A seminar on TeXmacs I am preparing - your opinions please

Dear all,
I am preparing a seminar on TeXmacs for my workplace, the University of Cagliari (at the dept. of Physics)
These are the slides I have prepared

pdf file
tm file

I plan to first introduce TeXmacs (first few slides), then show how to use it by writing up some text, math, references and so on in front of the audience, helping myself with a software that shows keypresses on the screen; I can post the example document that I would type in front of the audience.

I would appreciate comments/suggestions/criticism. I need to complete the part on export, as I haven’t been able to use a local style sheet for html.


You can check how “Notes on TeXmacs” does it. We use a custom CSS. I forgot how I did it. There are some typos in your presentation (e.g. “mechanismo”), maybe run the spell checker. Otherwise great work Giuseppe! Are you back in Italy?

Let us see how the typing in front of the audience goes.


I think the idea of writing up some text, math, references and so on in front of the audience is really great.

You can also take some documents/presentations from https://github.com/texmacs/tm-forge to show the broad usage and styles already available.

Excellent initiative !

Maybe also showcase the programming sessions and how can be used similar to (without doubt more popular) Jupyter notebooks.

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The suggestion is good but I think it is better to do it in detail in a possible follow-up seminar, as I think the topics are enough for one seminar. I am going to say that it exists, nevertheless.

In your presentation, you mention that Latex import cannot be perfect. Do you plan at that point to make it more concrete by demoing live the import of a latex paper? They will realize what kind of imperfection they may encounter and that it already provides a pretty usable document. Importing a wikipedia page with math can also be an impressive demo (but that probably means using a build containg the recent mathml import fixes).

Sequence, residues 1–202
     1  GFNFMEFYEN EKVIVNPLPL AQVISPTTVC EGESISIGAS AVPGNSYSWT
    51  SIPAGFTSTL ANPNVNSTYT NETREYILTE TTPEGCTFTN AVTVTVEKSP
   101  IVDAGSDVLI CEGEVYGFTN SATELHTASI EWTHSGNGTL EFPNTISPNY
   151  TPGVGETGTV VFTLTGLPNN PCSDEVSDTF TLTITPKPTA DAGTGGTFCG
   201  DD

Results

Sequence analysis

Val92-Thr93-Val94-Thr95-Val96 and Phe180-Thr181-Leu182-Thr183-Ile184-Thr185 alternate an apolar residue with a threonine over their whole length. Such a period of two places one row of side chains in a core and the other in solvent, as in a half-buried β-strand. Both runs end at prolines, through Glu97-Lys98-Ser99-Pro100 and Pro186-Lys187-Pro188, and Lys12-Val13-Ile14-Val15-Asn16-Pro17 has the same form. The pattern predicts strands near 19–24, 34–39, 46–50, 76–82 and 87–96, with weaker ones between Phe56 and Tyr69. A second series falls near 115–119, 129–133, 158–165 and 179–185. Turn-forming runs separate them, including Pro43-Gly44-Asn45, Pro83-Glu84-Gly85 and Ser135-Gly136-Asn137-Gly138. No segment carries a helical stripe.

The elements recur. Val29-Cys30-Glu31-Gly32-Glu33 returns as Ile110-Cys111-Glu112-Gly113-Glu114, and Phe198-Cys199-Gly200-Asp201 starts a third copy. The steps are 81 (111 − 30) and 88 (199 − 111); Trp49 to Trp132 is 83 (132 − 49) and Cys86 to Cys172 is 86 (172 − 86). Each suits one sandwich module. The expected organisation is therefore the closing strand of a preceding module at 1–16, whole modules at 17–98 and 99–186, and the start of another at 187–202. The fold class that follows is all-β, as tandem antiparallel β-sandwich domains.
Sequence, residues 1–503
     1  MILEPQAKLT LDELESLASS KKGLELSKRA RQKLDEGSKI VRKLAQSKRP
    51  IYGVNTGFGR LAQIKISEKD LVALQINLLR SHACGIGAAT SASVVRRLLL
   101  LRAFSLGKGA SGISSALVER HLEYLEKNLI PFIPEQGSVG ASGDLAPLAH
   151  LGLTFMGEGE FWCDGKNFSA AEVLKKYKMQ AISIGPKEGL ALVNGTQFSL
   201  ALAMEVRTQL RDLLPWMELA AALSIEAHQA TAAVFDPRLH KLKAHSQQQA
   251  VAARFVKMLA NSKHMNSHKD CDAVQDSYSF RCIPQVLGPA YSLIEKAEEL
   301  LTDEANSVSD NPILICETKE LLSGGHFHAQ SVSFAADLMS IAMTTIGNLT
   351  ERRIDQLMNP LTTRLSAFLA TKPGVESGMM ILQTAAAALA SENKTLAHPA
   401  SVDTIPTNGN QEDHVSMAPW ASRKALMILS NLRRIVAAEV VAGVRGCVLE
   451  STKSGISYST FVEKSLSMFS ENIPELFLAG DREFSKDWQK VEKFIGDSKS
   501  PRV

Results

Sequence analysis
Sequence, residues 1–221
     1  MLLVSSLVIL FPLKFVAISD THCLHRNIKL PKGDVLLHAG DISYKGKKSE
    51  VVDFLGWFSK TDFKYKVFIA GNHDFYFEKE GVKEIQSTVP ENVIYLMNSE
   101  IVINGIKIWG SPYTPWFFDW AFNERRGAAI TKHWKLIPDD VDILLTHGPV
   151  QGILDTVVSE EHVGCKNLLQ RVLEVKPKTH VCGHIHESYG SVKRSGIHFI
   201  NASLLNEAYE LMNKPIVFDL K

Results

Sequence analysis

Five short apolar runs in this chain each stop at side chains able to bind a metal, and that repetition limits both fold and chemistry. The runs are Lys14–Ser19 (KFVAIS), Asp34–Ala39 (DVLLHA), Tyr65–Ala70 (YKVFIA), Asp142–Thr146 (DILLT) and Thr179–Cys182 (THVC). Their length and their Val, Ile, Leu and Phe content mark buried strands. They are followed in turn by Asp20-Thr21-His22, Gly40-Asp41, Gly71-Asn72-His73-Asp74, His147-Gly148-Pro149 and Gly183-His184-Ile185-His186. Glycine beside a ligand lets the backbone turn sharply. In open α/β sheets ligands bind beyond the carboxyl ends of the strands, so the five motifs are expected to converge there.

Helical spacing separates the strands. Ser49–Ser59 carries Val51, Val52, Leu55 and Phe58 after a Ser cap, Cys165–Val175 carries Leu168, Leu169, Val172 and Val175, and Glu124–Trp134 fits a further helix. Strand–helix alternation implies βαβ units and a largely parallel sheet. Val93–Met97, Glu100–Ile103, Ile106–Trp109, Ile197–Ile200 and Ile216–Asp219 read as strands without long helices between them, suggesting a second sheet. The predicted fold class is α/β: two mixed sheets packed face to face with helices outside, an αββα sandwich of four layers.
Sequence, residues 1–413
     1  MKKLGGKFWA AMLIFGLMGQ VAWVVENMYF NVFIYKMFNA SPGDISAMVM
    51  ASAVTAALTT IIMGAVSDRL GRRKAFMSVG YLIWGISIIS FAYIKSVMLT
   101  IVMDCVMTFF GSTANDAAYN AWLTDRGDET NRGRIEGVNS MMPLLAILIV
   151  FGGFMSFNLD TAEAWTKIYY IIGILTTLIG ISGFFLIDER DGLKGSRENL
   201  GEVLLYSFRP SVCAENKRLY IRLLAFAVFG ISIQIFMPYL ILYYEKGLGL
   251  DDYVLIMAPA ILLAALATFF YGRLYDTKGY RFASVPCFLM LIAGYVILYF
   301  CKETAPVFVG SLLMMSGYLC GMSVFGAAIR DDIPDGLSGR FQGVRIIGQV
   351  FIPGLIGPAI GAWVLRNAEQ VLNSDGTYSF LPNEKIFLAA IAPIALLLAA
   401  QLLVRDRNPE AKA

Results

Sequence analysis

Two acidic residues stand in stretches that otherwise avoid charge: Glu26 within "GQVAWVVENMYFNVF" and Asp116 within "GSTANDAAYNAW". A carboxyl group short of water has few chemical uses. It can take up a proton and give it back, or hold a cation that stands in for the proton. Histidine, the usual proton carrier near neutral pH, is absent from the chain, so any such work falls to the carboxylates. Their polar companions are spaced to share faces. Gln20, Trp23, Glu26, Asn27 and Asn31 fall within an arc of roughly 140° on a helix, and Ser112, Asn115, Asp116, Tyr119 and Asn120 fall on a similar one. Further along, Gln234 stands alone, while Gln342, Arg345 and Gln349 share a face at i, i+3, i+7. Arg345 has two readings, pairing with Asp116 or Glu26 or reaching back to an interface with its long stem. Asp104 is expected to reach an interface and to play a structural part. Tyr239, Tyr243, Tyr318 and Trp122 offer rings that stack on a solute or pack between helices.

You are right, I am vague about the LaTeX import because I do not understand what limitations the Turing theorem places on it. Nevertheless I think that it is important to say it, perhaps I should look for a reference (I think a post by either Joris or Max will be ok).
I think I will prepare a LaTeX document to import.

Now I am trying to figure out how to use a local css stylesheet for the html export; “Notes on TeXmacs” does it through Scheme, I think I need to make it work either through the graphical interface or through assigning a value to an environment variable, so far I did not succeed.
I found out that the list of css stylesheet in the preferences dialog is set up in progs/texmacs/menus/preferences-widgets.scm, but did not understand how to add a local one (we don’t want to do it in the installation files I think). Do you have any suggestions?

For the import of a Wikipedia page, perhaps it is better to use the latest public release, so not to use a build that has not yet been released (and so perhaps not to import the Wikipedia page).

The assignment of a value to the html-css environment variable has to be done in a style file: I got it from Environment variables for customized HTML export do not work

Oh, yes. I forgot about it. It has to be known to TeXmacs well in advance, so you have to put it in a style file. As for LaTeX conversion you might want to look at this paper of Joris for background information: https://www.texmacs.org/joris/latexconv/latexconv.pdf

I would not stress too much Turing in relation to LaTeX, said vagualy is not very clear what you mean. The problem is that LaTeX is not a data format. So for example a user can redefine what tag is used for equation in some macros and for a converter, is very difficult (if not impossible) to extract this information by just looking at the file and not executing every single macros. The problem is even worser because the document can import an obscure package which introduces new macros that the converter knows nothing about. If you want a conversion at a semantic level, then the problems is practically insoluble. It is more or less the same problem which makes PostScript unsuitable as a data storage format and the reason why PDF was designed.

You could point out some statistics about the efforts to convert LaTeX into HTML. It seems the current state of the art is around a 75% success rate:

The remaining 25% may be very difficult to convert due to the reasons @mgubi cites.